Dissertation/Thesis Abstract

The effect of lab sequence in science instruction: The consequences of shifting labs to the beginning of learning units
by Russell, Thomas R., M.S., California State University, Long Beach, 2012, 90; 1517779
Abstract (Summary)

This study examined the relationship between activity sequence and student outcomes in science instruction. Traditionally sequenced teacher learning units with lab activities late in activity sequence were compared to learning units with labs first in their activity sequence. A mixed-methods, quasi-experimental approach was used to test the effectiveness of a lab-first lesson approach suggested by the literature. Quantitative methods were used to assess content achievement; and qualitative methods were used to assess perception. No statistically significant difference was found between the approaches, although the researcher interpreted the results as suggesting some learning advantage for a lab-first approach. Although the teacher thought lab-first appeared to enhance learning, and students seemed to notice no difference during instruction, students preferred and thought they learned best with a lab-last approach. The teacher's view of the lab-first approach was positive; and he is inclined to continue to use it in his practice following the study.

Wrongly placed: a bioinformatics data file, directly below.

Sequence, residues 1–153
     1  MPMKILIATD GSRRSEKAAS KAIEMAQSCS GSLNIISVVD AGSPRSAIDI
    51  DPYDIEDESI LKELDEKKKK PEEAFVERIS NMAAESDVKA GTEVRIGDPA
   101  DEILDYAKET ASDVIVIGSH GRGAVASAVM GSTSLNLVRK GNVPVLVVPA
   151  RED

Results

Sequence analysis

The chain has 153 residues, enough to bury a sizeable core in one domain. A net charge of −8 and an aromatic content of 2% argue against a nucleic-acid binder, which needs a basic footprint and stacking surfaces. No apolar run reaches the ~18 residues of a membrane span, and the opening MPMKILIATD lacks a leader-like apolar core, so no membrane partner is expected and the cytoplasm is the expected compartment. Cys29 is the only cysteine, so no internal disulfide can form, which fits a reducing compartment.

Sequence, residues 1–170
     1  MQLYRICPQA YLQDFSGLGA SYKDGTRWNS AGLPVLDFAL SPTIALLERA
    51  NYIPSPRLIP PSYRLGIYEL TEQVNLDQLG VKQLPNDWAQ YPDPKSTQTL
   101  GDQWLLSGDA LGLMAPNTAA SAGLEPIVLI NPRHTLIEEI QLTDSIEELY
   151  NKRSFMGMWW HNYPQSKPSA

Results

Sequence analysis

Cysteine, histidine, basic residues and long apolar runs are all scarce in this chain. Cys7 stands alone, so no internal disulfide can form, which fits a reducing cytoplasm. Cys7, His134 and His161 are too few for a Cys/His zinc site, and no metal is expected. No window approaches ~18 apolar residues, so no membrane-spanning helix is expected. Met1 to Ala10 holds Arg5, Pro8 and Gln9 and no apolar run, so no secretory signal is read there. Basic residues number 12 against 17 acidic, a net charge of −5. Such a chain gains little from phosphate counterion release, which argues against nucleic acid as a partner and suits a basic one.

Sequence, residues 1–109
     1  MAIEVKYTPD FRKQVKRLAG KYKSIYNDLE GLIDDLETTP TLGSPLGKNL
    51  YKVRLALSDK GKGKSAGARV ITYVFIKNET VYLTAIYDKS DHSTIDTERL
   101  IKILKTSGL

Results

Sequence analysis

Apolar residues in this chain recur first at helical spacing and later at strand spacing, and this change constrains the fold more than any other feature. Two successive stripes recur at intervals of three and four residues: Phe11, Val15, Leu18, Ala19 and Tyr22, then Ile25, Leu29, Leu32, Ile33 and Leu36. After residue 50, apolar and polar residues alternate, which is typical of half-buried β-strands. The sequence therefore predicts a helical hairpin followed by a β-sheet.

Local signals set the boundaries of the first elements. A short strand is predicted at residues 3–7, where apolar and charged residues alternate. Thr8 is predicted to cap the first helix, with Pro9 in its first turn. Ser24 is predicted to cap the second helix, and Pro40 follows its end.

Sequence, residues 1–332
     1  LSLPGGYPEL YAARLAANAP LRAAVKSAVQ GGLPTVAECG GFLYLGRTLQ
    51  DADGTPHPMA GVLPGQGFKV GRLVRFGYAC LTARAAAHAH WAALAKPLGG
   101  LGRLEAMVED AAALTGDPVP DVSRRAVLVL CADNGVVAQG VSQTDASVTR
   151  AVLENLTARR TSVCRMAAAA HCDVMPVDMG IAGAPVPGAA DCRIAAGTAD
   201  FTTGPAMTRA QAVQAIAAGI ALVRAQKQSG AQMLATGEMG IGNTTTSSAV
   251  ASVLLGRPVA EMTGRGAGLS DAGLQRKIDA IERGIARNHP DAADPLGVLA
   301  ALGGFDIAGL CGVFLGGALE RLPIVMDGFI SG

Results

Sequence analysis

Indexing (document details)
Advisor: Colburn, Alan
School: California State University, Long Beach
School Location: United States -- California
Source: MAI 51/01M(E), Masters Abstracts International
Subjects: Science education
Publication Number: 1517779
ISBN: 978-1-267-47406-3
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